It was a privilege to be able to be at the opening ceremony In Atlanta (1996), Nagano (1998), and Sydney (2000). (Lots of pictures in the travel section in the patrickWeb photo gallery). The ceremonies get more extravagant each year and you have to wonder how they are going to top it the following year. This year in Vancouver was no exception — it was a marvel.
The Atlanta Olympic Games was the beginning of e-business for IBM. A member of our team built an experimental “ticket server” to see if we could actually sell tickets to the Games online. At the time it was the largest e-commerce site on the Internet. The first commercial customer for the technology followed later that year — it was L.L. Bean.
The athletes who compete to win or lose by a small fraction of a second are truly incredible. The other thing about the Olympic Games that gets more incredible each year is the advertising. Some tell me I am in the minority on this but I think the advertising is over the top. When is enough enough?
An analysis of “the tapes” would likely show the following as the most repeated phrases of the Games.
We’ll be right back
When we come back
After the break
Right after this
Stay with us
Years ago I had the privilege of sitting next to Bob Costas at a dinner. What a nice and very sharp man — who looks much younger than his 58 years. When I heard him say “stay with us” it seemed he was inwardly saying “I know you have already seen all of these ads dozens of times and could recite them word for word and I also know that you are likely going to the kitchen or lavatory while they are playing even though consultants who “measure” viewers are telling the advertisers how many millions of people are “watching”. On the first Friday night, NBC ran 20 minutes worth of ads during the 9pm hour. In spite of this it is projected that the network will lose $250 million on the coverage it provided.
If they could have sold one out of each two minutes instead of “just” one out of three, would they have? Is there snow in Canada? The model is clearly broken. What is the solution? I do not claim to have the precise answer but I am confident it is not more minutes of advertising or more cost of goods sold to be born by consumers in order to prop up the existing outdated model. The new model will be based on the Internet and “power to the people”.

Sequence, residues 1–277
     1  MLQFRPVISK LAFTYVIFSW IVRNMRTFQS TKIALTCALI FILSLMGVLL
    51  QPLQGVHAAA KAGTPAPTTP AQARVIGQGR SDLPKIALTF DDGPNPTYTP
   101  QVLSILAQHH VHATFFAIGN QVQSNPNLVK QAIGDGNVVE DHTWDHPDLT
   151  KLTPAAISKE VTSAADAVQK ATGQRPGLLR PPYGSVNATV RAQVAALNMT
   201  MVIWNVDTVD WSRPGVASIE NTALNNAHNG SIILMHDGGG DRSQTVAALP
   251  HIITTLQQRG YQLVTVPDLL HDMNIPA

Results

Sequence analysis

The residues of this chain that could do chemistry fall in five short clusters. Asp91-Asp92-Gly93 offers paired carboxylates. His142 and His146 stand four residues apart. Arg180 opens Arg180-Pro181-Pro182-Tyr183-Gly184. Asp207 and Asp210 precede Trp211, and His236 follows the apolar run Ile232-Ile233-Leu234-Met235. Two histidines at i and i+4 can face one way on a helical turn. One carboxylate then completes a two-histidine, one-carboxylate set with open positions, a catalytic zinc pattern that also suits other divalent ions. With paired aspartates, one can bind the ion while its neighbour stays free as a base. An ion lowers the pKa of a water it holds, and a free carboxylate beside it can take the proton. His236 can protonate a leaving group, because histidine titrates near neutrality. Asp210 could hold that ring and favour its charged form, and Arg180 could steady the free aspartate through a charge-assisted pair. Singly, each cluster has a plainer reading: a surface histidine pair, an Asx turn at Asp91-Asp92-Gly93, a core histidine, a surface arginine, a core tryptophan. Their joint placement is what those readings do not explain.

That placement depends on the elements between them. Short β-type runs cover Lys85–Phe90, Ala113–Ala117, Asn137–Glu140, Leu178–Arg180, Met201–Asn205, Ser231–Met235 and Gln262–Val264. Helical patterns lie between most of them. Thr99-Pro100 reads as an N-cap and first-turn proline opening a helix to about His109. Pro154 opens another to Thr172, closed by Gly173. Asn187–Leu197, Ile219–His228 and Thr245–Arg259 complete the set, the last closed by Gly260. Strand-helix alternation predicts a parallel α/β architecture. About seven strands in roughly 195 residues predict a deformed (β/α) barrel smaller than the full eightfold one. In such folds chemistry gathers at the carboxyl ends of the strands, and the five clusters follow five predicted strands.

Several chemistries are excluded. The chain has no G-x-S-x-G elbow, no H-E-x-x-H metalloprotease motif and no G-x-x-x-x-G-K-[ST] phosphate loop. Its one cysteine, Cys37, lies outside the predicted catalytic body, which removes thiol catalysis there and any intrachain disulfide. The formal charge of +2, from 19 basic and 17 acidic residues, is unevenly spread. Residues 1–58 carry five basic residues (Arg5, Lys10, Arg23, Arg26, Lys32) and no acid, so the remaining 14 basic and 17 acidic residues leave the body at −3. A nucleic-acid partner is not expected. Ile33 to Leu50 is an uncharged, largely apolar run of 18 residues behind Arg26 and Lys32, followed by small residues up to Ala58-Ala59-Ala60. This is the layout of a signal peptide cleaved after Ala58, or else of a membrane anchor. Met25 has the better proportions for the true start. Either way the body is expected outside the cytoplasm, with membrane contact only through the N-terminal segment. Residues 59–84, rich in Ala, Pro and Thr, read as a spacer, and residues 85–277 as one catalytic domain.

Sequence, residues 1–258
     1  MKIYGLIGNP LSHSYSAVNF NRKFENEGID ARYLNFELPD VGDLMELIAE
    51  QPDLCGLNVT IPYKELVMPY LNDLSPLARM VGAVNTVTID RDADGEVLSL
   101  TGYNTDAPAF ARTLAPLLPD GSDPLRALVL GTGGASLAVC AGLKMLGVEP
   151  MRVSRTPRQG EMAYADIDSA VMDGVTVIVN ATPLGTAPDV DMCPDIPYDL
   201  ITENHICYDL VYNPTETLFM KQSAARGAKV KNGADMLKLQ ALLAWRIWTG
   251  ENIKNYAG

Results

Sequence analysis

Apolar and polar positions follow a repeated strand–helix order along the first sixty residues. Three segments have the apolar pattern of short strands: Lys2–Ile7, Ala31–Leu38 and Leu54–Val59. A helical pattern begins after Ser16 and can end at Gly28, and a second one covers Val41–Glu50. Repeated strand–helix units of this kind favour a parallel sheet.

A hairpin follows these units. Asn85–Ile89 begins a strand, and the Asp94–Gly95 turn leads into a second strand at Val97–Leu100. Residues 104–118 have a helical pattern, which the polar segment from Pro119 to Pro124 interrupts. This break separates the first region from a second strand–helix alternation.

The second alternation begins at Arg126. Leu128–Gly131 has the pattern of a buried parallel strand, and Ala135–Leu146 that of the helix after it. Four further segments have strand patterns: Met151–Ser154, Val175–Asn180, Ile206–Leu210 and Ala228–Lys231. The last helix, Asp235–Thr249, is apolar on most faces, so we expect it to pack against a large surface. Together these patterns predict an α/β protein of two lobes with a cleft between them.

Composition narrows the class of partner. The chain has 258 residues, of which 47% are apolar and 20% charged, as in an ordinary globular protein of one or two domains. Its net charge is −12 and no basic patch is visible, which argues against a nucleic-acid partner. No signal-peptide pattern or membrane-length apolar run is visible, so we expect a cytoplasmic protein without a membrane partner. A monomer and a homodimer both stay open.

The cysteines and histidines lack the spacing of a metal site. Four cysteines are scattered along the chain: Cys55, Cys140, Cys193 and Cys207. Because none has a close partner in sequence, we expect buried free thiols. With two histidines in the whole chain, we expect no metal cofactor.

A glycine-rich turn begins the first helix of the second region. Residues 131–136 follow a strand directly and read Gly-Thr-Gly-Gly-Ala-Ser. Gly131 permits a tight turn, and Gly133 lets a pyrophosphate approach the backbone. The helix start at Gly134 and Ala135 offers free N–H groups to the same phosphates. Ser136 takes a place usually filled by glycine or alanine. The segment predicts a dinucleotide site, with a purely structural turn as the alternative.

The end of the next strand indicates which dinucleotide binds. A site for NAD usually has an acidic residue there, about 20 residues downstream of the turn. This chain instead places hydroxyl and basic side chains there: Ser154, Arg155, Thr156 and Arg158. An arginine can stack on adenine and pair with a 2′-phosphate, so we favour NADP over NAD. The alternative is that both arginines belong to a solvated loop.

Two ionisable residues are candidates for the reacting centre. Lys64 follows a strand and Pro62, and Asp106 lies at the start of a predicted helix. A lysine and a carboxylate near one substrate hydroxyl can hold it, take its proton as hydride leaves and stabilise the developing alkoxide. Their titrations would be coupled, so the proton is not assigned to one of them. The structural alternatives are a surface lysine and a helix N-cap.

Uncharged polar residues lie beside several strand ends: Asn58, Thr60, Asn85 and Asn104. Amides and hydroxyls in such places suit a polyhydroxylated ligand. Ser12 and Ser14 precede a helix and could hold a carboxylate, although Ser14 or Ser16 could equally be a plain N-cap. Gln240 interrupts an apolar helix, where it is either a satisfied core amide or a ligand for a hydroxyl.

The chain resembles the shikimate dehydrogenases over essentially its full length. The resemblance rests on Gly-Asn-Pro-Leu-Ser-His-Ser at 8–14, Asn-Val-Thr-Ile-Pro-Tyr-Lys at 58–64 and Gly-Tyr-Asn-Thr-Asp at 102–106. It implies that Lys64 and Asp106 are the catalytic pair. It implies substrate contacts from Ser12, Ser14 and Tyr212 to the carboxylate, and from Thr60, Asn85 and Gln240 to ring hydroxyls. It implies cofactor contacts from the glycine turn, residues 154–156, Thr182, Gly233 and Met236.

Boxee may hold the clue. The idea is to have a small box (or a chip in your DVD player or TV) that runs software from Boxee. Boxee acts like TV Guide” — it is a single interface to all forms of video including movies you make yourself, YouTube, Vudu, Netflix streaming, and all the channels of network and cable TV as we know them. The viewer decides not only what to watch but, if the content is not free, then the viewer decides how to pay for it. This is necessary because there will definitely continue to be content that is not free. NBC hauled a lot of robotic cameras and crew up to Vancouver at a cost of millions. They have to recover that somehow.
So how might you pay? One way is to watch the barrage of droning advertisements like today. Another model is to pay a fee per view. Instead of watching three hours of Olympic Games + ads from 7 – 10 on channel X, you pay $2.99 and watch the two hours of Olympic Games from 8 – 1- on channel Y. For 99 cents you watch the 6 PM news at 6:40 and get 100% news. Another model might be that if you are willing to provide some personal preferences you get the full hour including the ads but the ads are tailored to things relevant to you based on your profile. There are many variations on the “power to the people” theme. Stay tuned.